HomeBlogsDental Work During Pregnancy

Expectant mothers, especially first-timers tend to worry about everything from the food that they eat and the activities that are still safe for them to do during this period of development. A common concern of expectant mothers is whether or not they are still able to go to the dentist. Let’s find out.


Truthfully, going to the dentist while pregnant is not only safe, but also highly recommended. With the surge of hormones and blood levels, your gums bleed more often and swell which can trap food and cause cavities and gum irritation. Therefore, keeping up with your bi-annual cleanings is very important, especially since there is a link between gum disease and preterm birth stats.


As far as other dental work being done such as cavities, crowns, fillings, etc, these are all safe during pregnancy as well, though it may be wise to take care of these things before the third trimester as it is not recommended for women to be on their backs for extended periods of time during the last few weeks. If the dental work is not urgent, seeking care for minor things is recommended to be done after giving birth.


In terms of medications that are used during and after dental procedures, there are conflicting ideas about the use of lidocaine and whether or not it has any adverse effect on the developing fetus which is why if you can hold off on any procedure that involves anesthesia, you should do it.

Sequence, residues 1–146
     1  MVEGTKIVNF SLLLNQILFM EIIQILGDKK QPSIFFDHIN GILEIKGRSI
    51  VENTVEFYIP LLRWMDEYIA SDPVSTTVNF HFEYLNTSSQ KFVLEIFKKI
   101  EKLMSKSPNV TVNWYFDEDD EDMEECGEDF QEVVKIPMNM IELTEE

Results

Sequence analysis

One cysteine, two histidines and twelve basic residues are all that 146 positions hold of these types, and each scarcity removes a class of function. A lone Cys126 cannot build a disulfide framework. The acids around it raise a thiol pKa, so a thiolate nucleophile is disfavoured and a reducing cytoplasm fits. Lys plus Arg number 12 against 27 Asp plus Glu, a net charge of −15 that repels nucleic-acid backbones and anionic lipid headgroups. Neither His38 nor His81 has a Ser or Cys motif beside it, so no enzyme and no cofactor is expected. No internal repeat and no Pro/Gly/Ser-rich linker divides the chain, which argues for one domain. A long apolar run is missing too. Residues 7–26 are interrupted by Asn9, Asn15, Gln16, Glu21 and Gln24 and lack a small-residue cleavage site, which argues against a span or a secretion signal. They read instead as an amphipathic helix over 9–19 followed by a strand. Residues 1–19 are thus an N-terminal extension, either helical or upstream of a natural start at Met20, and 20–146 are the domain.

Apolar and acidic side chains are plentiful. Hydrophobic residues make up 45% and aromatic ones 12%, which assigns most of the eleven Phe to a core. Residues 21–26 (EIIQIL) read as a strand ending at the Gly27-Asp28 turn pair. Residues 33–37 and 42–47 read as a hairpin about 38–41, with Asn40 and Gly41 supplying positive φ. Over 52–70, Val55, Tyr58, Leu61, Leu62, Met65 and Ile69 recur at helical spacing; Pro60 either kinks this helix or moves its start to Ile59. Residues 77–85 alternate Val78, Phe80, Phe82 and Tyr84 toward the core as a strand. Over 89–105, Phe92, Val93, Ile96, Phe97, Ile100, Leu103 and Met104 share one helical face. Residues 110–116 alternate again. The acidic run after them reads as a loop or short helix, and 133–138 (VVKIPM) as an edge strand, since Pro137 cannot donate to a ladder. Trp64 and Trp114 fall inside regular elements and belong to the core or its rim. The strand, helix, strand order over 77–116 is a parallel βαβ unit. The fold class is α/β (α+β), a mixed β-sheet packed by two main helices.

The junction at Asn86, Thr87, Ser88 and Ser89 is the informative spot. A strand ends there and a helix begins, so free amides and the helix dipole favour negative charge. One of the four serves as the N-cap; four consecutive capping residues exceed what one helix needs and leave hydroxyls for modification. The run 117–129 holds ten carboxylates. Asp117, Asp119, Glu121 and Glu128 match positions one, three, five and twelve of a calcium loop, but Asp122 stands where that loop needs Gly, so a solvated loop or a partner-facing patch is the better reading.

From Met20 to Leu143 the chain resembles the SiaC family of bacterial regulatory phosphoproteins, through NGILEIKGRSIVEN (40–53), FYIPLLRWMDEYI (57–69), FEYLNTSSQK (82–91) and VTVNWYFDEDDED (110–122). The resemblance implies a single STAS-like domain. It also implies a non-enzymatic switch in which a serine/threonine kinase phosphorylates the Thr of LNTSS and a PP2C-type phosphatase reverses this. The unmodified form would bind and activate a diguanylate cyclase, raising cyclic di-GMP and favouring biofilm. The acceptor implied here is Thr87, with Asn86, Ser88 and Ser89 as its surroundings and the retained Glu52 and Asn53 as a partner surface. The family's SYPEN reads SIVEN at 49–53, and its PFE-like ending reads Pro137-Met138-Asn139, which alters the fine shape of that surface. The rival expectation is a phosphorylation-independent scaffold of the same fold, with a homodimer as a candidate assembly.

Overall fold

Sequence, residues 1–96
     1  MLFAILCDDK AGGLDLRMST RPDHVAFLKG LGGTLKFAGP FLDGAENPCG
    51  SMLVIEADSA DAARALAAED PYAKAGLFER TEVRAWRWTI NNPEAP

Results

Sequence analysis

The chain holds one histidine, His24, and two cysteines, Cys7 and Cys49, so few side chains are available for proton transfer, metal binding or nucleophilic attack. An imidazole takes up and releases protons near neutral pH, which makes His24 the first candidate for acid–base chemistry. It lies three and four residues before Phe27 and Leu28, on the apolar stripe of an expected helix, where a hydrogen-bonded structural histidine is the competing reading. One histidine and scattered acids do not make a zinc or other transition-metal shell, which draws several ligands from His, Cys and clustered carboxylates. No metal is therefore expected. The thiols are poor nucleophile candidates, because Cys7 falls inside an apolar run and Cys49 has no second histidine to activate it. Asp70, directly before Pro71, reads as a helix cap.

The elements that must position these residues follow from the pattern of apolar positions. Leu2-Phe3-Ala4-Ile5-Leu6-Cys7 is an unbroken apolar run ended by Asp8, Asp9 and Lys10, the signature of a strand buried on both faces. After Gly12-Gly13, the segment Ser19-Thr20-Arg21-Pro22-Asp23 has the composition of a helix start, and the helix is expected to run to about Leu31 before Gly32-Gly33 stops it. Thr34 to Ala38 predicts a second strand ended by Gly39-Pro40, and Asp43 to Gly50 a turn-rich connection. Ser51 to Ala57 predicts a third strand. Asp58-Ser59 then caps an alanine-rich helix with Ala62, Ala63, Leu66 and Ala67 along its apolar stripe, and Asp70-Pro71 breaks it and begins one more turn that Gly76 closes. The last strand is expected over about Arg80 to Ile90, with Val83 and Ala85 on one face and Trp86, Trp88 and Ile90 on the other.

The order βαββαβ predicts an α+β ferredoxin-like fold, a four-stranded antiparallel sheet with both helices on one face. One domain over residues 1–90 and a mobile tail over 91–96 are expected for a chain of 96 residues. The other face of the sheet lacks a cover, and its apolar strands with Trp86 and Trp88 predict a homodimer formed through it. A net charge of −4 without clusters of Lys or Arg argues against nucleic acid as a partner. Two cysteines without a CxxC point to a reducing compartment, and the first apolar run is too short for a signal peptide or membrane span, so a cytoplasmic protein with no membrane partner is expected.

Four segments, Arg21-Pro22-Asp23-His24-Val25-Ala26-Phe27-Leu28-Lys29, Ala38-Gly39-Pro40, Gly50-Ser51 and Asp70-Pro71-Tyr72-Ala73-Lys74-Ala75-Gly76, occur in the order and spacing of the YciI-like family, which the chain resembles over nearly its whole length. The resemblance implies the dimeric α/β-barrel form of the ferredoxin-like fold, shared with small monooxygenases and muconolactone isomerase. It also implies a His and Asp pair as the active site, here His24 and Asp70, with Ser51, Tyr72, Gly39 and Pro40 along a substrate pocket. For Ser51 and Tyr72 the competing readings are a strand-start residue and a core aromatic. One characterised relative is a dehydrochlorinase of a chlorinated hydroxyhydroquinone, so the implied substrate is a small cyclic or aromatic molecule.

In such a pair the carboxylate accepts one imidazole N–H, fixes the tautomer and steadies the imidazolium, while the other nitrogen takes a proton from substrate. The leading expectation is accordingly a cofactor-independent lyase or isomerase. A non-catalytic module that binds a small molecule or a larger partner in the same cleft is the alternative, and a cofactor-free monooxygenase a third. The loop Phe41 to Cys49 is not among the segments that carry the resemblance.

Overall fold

The antibiotics that are prescribed afterward though are deemed completely safe and will have no effect, large or small, on your baby.


The big question that gets asked is the use of x-rays in dental work and whether or not the routine procedure is deemed safe during pregnancy. X-rays in a lot of cases are needed when diagnosing certain ailments, and also to track your dental health progress so it’s a valid concern seeing as how common they are.


The answer to the concern is yes, x-rays are safe. The amount of radiation that is emitted from a single x-ray is not enough to cause any sort of adverse effect on the developing fetus. Of course, safety nets are put in place no matter whether you’re pregnant or not. Shields and blankets can be placed over your belly to limit the amount of radiation, even though none will actually penetrate through. As mentioned above, the only safety reason so put off having major dental work during pregnancy is the prolonged lying on your back which can cut off blood flow to the baby in the third trimester.


Some general tips for pregnant women and their dental concerns:


  • Brush your teeth twice a day 
  • Floss daily
  • Go to all bi-annual exams and cleanings
  • Inform your dentist of your pregnancy
  • Leave non-emergency procedures until after the pregnancy

For further questions and inquiries, contact Newbury Smiles today by calling +1 805-499-3691, or by visiting our website at newburysmiles.com/contact.

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